back and hips as well, especially these clips on the side, as well as at the bottom here. It kinda gets bunched up if you don’t have a laptop in here holding that space a little bit more, and if you don’t have this
thing fully packed up. It can kinda stick to your lower back a little bit weirdly as well. The straps here are easy to
unclip and stow away quickly, if you wanna carry this
bag in briefcase mode or messenger mode with the shoulder strap. Overall, we think this bag is pretty blocky in messenger mode. It’s big, not necessarily
comfortable to carry. And if it’s full, it’s gonna be kinda this giant rectangle
on the side of you. And if it is empty, it’s gonna kind of contour to your body and curve around, providing a weird look
and an uncomfortable carry to go along with it. We think that this is suboptimal and not the best experience. However, your mileage may vary. We’d love to hear in the comments below if you like carrying bigger bags like this in messenger style. On the harness system
there’s really no frame sheet on the back to speak of here, really nothing that gives the bag additional structure, unless you have a laptop inside of here. We get why duffel bags and
duffel bag/backpack hybrids are designed this way. However, with the Patagonia MLC 45 Liter, it is kind of like a giant rectangle, and we think a little
bit of structure added could go a long way for this bag. Wrapping up the back panel, we have a luggage pass
through slash pocket going on in the back here. So if you unzip the bottom part here, that’s a luggage pass through. If you keep that zipped up, it can be used as a quick drop pocket close to your body when you’re wearing this in messenger style mode. And if you are gonna use this on top of a piece of luggage, say, you have a roller bag and your partner has this, or vice versa, something like that, you just wanna make sure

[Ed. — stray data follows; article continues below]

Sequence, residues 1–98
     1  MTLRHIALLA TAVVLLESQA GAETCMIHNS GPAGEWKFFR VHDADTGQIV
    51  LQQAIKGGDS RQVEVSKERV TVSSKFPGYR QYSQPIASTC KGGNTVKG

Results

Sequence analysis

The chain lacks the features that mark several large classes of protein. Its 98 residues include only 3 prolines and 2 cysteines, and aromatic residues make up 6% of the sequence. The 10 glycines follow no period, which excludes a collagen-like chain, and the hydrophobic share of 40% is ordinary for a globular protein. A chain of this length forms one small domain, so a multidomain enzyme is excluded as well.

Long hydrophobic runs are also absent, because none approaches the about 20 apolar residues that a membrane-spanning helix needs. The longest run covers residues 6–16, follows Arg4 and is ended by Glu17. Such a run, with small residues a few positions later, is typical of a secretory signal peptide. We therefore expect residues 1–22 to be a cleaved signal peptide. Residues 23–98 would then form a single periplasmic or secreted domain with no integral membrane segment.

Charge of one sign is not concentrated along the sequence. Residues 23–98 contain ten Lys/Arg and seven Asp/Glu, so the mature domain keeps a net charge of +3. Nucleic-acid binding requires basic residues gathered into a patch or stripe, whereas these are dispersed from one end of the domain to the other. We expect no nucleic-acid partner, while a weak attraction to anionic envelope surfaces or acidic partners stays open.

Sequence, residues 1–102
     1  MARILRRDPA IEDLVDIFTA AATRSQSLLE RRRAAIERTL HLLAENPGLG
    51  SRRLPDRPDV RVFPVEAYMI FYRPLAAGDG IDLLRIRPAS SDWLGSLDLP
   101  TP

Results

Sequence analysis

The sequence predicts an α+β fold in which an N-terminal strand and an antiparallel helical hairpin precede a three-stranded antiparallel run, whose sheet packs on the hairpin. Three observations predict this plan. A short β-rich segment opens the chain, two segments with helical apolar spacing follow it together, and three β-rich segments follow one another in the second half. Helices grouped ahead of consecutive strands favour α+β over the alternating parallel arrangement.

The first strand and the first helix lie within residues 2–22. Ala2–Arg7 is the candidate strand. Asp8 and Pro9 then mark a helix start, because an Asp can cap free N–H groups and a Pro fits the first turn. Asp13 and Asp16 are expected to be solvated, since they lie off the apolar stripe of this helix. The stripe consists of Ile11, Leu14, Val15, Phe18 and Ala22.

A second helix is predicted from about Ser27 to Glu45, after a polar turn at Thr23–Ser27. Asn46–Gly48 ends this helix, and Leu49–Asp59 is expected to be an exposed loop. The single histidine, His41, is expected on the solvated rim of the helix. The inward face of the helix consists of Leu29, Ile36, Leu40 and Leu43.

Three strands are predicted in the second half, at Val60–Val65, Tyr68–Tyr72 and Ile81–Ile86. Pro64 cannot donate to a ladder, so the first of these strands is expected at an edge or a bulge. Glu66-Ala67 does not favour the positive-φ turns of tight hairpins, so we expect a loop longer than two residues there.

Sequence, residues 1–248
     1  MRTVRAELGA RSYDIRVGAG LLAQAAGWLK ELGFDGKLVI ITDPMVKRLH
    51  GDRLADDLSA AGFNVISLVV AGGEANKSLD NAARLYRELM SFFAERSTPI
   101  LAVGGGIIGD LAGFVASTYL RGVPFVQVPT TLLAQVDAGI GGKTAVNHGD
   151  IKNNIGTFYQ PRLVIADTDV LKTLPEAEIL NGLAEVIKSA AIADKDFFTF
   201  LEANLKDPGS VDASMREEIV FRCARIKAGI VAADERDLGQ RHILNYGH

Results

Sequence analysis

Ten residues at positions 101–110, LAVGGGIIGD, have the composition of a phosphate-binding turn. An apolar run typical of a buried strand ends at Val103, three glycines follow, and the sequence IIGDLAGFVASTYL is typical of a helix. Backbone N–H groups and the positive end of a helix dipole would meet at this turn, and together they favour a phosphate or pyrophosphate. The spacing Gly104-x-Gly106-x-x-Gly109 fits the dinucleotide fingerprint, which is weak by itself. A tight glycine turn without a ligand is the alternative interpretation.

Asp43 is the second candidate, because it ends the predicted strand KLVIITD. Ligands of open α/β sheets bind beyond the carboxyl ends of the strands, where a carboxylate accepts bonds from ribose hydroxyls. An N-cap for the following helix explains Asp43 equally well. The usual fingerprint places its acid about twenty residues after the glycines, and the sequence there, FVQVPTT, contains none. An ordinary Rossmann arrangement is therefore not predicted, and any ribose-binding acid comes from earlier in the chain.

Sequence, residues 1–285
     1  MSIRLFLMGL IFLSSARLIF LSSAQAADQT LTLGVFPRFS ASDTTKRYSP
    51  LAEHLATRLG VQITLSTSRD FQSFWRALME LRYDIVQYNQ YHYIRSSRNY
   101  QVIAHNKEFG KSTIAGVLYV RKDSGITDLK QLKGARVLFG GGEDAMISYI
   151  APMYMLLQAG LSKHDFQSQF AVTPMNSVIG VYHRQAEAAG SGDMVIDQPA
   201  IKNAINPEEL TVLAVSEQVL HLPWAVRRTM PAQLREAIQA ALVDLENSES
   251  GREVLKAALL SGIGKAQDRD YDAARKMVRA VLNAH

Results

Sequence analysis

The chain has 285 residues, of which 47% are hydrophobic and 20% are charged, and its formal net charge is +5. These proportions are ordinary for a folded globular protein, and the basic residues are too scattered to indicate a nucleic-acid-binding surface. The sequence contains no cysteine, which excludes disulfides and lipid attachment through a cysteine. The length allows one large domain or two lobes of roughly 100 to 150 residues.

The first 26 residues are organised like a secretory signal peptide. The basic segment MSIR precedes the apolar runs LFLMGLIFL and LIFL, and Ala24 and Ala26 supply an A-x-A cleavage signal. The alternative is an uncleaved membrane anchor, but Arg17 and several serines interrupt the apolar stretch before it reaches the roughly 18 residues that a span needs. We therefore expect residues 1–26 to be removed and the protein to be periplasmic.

that that roller bag is big enough and has
enough structure at the base to support this thing, because it’s a massive bag and, again, pretty much
no structure at all to it. There are two handles, one at the top and one at
the wearer’s right hand side. We’ll definitely take a handle any day, and it makes traveling with
these bags a lot better. If you want an example of a company that does side handles really well, check out the Evergoods CTB 40. They actually have these
aluminum stays on the side that support and structure the bag as you’re carrying them
from the side handle. And they’re also really low
profile when not in use. I think Patagonia could
learn a thing or two from Evergoods on that. Next up we have a bit
of a side pocket here. At first we thought it
was for a water bottle. However, it’s just for a luggage tag that you can quickly pull out. You can put any information in here. Not really sure if anybody
that finds this bag is gonna know where to look for that, but it is there. And originally we kinda
wanted a water bottle pocket, but since this is the MLC design where everything is
just as big as possible, we kinda understand why they didn’t include one with this bag. But really we don’t think this luggage tag is super useful, and it’s not very intuitive if somebody was gonna find your bag. Another side handle could’ve
sufficed here as well. And lastly we have a row of
PALS-like military webbing going on the top and the
bottom front of the bag here. Now this isn’t really standard, the way that Patagonia has sewed this on. It’s more like little tiny loops rather than flat across, but it’s good for attaching
additional accessories or a carabiner if you wanna hang anything on the outside of the bag. Starting with the front we have a small vertically zippered pocket here, horizontal if you’re wearing
it in messenger mode. We pretty much find ourselves just dumping anything that we
needed to dump in quickly into this pocket. Great if you’re at the airport, you wanna put your wallet, your phone, your keys in there as you’re
going through security. Directly behind that we have a compartment that is pretty large, give you access to a bunch of different organization options inside. On the flap there are three liner pockets at the back that go down
about the entirety of the bag, and they are equally sized across the bag. In the front of those two pockets, there are two mesh pockets on one so you can easily see